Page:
In fact, since its rise in popularity in the Seventh century the black seed has remained a staple of family medicine within the Muslim world.
Take five or seven seeds and crush them (mix the powder with oil) and drop the resulting mixture into both nostrils, for 'Aisha has narrated to me that she heard the Prophet saying, 'This black cumin is healing for all diseases except As-Sam.' Aisha said, 'What is As-Sam?
Whenever I get a cold or flu, the first things that gets added to my hot drinks is black cumin and although it leaves no taste in the drink- the trick is to chew the seeds rather than just swallow them whole.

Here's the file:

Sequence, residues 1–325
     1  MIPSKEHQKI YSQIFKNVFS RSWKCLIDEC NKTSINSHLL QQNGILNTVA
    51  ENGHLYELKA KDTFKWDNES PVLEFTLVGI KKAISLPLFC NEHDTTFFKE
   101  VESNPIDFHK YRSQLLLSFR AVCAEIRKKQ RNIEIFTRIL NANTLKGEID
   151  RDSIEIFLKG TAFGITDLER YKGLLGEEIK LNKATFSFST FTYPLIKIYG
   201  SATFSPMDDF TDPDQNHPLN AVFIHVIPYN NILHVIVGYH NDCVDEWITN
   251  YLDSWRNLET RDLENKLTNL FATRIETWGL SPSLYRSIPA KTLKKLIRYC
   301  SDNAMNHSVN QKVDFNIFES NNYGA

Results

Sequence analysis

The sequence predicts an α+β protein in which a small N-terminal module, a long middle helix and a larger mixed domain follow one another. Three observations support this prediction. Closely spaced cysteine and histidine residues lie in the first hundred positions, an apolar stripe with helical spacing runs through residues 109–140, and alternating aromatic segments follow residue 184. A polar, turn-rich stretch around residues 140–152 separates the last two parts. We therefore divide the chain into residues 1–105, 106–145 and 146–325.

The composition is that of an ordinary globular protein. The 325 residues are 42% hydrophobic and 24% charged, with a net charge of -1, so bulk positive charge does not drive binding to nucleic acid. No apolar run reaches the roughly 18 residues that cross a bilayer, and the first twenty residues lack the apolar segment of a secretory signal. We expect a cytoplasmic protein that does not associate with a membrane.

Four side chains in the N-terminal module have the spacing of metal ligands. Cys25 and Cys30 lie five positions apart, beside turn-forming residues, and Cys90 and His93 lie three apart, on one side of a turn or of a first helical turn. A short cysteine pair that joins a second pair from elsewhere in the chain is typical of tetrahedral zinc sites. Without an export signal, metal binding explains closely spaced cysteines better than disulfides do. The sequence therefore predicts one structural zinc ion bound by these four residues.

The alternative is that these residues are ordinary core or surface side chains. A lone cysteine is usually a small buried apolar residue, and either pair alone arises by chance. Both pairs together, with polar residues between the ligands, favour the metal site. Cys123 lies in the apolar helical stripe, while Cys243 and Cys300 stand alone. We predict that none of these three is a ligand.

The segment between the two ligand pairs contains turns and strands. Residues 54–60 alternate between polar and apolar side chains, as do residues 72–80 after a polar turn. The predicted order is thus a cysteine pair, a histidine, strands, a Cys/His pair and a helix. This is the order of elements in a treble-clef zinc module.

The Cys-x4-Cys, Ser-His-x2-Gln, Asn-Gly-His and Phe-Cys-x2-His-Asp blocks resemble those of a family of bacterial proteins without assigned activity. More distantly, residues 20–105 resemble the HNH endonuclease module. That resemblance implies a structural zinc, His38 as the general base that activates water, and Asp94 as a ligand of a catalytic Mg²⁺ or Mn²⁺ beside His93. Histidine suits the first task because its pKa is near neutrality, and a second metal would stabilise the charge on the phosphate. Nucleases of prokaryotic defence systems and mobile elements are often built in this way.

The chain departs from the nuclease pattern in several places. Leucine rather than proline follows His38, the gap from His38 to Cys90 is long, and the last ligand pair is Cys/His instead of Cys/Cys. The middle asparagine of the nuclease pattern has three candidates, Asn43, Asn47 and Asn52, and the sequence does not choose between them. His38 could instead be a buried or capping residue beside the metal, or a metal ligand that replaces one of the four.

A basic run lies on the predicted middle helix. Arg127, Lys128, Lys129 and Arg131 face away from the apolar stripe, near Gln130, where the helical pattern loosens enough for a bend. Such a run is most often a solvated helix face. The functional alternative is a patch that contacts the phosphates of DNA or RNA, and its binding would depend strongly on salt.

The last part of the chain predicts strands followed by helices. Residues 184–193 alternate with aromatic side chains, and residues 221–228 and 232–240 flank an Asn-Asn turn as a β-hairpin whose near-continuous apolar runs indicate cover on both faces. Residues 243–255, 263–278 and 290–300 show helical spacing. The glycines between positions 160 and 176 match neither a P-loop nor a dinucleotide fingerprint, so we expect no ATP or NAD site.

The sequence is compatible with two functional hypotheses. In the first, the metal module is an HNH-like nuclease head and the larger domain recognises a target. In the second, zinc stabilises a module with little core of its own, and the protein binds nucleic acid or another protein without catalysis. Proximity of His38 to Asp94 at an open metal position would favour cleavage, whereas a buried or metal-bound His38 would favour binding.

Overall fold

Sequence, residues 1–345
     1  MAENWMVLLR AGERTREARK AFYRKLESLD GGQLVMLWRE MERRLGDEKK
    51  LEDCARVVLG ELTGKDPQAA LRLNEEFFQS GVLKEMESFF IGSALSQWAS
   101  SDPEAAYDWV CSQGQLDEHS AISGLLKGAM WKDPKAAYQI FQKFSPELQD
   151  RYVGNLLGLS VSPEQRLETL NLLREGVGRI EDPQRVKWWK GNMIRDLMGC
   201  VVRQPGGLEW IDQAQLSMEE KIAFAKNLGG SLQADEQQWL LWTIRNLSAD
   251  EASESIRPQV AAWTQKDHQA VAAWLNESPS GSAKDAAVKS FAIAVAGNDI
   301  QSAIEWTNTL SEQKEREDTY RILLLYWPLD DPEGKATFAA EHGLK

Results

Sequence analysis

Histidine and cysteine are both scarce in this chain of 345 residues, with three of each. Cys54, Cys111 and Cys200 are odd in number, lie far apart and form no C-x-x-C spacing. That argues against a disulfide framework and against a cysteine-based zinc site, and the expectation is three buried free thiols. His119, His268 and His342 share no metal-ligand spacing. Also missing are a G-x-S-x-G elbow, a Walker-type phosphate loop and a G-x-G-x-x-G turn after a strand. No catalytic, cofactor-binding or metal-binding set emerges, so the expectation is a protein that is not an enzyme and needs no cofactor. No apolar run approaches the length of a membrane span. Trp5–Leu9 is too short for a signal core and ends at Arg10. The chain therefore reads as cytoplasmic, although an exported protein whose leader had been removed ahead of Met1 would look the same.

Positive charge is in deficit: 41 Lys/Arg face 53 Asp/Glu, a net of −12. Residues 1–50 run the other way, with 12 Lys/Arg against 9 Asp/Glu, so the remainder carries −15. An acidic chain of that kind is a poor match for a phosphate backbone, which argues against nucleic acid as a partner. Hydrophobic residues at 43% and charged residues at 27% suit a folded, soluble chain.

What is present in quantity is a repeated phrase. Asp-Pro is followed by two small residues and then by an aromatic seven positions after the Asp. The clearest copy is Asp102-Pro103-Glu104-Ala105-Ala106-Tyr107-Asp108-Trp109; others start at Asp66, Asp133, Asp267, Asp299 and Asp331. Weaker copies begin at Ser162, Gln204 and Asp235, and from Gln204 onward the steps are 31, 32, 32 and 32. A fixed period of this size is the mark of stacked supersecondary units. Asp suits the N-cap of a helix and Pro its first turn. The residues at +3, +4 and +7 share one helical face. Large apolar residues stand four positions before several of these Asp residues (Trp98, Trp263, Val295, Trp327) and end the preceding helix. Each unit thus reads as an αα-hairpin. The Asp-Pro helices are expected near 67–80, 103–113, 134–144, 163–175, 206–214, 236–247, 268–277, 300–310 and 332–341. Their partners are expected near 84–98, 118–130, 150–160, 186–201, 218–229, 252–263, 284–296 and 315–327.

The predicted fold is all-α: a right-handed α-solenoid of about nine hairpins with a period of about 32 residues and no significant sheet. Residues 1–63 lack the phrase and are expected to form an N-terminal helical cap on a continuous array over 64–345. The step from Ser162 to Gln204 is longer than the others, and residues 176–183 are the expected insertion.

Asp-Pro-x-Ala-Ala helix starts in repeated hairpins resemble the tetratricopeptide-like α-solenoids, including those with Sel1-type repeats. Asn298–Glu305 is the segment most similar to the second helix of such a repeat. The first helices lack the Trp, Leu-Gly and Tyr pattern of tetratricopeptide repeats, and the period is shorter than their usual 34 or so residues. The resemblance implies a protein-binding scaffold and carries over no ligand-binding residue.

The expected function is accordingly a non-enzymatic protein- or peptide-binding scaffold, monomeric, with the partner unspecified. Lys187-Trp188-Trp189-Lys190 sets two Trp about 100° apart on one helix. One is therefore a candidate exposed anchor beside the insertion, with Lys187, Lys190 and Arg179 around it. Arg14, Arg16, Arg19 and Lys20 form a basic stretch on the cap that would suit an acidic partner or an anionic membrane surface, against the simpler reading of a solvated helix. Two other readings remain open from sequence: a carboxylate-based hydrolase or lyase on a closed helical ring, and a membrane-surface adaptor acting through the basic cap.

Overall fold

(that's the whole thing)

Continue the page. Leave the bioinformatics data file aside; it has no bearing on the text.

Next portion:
They have a slightly bitter and pepperytaste but nothing too strong so it is a relatively pain-free medicine.
The great physician Ibn Sina (980–1037), better known as Avicenna, stated that black seed works as an expectorant, stimulates the body’s energy and helps overcome fatigue and dispiritedness.
In the kitchen: Black seed is aromatic with a slight peppery flavor. It is eaten ground with honey or with cakes and pastries.